When you understand matters like risk and return, you are able to make informed investment decisions. This can help you grow your wealth over time and reach your financial goals sooner.

Structured Budget

Financial literacy teaches you how to create and stick to a structured budget to help track spending, set financial goals, and make better decisions about where to allocate your money. 

Creating a budget can be daunting, but many resources are available to help you get started. You can find budget templates online or in personal finance books and magazines.

Two of the most common budgeting methods are illustrated below, which shows how monthly income is allocated into three main financial areas.

Common_Budgeting_Methods

Reduces Financial Stress

You are less stressed about money because you know how to manage it effectively. Thus, you can lead a higher quality of life.

Financial Literacy Example

Camilo Maldonado, a co-founder of The Finance Twins, grew up in poverty and was never taught how to manage money. Eventually, he took control of his finances using a money management program

Knowing where he was spending his money allowed him to be more mindful of his spending and helped him to understand better where he could save money.

How to Attain Financial Literacy

Developing financial literacy to enhance one's finances requires acquiring and using several skills. Consider the following tips:

Take a Financial Literacy Class

Taking classes on financial literacy can provide the opportunity to learn from knowledgeable instructors and receive reliable information. 

Such courses typically cover saving money, investing, using credit wisely, and budgeting. You can take them at community colleges, online, or even through some employers.

Use Free Online Money Management Tools

Some free online money management tools can help you monitor your spending, establish financial goals, and make informed decisions about where to allocate your money. 

Tools like Personal Capital and Mint can help develop a budget and gain insights into your spending patterns.

Take Advantage of Free Online Resources

A wealth of accessible free online resources can help you learn about personal finance and money management. 

Many of these resources are from reliable sources, such as government agencies or financial institutions like MyMoney.gov, Consumer Financial Protection Bureau, and the National Financial Educators Council.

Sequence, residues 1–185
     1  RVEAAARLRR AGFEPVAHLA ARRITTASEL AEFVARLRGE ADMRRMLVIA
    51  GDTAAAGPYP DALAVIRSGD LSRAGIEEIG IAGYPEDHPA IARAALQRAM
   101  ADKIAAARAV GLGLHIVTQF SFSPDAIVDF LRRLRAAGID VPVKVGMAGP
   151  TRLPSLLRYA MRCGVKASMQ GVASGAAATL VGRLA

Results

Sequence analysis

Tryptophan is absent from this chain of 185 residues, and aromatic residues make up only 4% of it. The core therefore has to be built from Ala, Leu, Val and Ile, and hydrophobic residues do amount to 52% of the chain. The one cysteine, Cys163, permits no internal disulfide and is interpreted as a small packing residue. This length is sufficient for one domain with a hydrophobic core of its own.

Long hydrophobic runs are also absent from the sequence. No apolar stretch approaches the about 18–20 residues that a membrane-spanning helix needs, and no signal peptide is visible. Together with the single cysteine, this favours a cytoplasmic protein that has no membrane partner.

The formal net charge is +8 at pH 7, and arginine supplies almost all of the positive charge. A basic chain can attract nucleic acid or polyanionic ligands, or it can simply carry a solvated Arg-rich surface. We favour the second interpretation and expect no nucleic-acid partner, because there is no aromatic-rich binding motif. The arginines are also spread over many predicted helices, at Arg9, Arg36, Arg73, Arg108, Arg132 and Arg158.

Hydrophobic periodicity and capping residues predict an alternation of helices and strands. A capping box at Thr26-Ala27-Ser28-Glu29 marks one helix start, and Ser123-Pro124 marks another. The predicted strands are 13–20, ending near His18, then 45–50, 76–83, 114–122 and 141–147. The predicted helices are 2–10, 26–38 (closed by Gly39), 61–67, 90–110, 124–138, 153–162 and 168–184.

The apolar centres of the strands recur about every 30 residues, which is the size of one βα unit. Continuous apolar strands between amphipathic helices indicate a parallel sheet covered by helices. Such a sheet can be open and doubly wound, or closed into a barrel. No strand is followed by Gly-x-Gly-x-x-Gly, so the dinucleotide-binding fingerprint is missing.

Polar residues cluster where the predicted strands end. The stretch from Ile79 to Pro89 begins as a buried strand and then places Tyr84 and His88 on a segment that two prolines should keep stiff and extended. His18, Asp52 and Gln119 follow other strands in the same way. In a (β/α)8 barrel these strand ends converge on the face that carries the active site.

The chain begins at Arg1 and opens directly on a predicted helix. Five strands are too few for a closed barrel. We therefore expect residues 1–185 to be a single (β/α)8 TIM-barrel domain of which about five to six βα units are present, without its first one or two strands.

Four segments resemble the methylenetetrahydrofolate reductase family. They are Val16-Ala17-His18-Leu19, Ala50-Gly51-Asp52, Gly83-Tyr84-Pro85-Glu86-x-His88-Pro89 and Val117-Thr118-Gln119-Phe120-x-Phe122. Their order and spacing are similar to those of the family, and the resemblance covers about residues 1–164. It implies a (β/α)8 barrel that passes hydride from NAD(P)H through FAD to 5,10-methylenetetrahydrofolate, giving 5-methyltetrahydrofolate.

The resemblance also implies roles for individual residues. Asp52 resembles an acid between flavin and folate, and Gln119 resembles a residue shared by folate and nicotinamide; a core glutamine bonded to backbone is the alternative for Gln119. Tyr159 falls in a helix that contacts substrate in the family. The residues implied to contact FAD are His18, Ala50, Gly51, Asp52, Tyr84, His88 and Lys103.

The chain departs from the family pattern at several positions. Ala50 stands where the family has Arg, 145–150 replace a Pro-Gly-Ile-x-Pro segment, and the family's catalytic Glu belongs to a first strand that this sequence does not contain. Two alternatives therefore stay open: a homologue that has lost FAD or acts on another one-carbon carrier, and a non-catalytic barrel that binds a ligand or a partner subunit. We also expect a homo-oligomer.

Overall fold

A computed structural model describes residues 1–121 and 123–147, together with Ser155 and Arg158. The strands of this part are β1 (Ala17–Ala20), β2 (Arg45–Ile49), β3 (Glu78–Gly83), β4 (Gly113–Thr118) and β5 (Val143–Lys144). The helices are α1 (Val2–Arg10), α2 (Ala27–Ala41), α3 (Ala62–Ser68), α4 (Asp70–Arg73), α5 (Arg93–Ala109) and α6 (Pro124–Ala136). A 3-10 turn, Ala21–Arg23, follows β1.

Financial Literacy at Home and School

Financial education is vital for children and adults alike. It helps teach practical money skills that are necessary for everyday life. 

Parents are key role models for their children and must pass on positive money habits. It has been demonstrated that when children receive financial education at a young age, their spending habits change, and they can avoid problems such as bullying and aggression.

The Power of Financial Literacy

When it comes to financial literacy, the power is in knowledge. The more you know about personal finance, the better your chances of acquiring, managing, and retaining wealth throughout your lifetime.

Financial literacy can translate your efforts, time, energy, business, and money into a life of comfort and freedom from worrying about money. Even in economic crises, you can reduce the impact it will have on you.

Will you do something about the money problems you are facing now, or will you allow the poverty cycle in your family to perpetuate? 

You can start your journey to financial literacy by reaching out to a financial advisor.

FAQs

What is financial literacy?

Financial literacy is the skill and ability to comprehend and use financial information to make informed decisions.

Why is financial literacy critical?

It helps people make informed decisions about their money. Financial illiteracy may result in several risks, including poor credit, bankruptcy, home foreclosure, or other undesirable outcomes.

What are some financial literacy practices?

Reviewing expenses, developing a budget, tracking net worth, understanding credit, and saving for retirement are some of the practices of a financially literate individual.

How can one attain financial literacy?

There are numerous ways to improve your financial literacy. You can educate yourself through online resources or consulting financial experts.

What is an example of financial literacy?

An example of financial literacy is knowing how to develop and stick to a budget. You also need to understand income, debts, and expenses to make informed decisions about where to allocate funds.

About the Author

True Tamplin, BSc, CEPF®

True Tamplin is a published author, public speaker, CEO of UpDigital, and founder of Finance Strategists.

True is a Certified Educator in Personal Finance (CEPF®), author of The Handy Financial Ratios Guide, a member of the Society for Advancing Business Editing and Writing, contributes to his financial education site, Finance Strategists, and has spoken to various financial communities such as the CFA Institute, as well as university students like his Alma mater, Biola University, where he received a bachelor of science in business and data analytics.

To learn more about True, visit his personal website, view his author profile on Amazon, or check out his speaker profile on the CFA Institute website.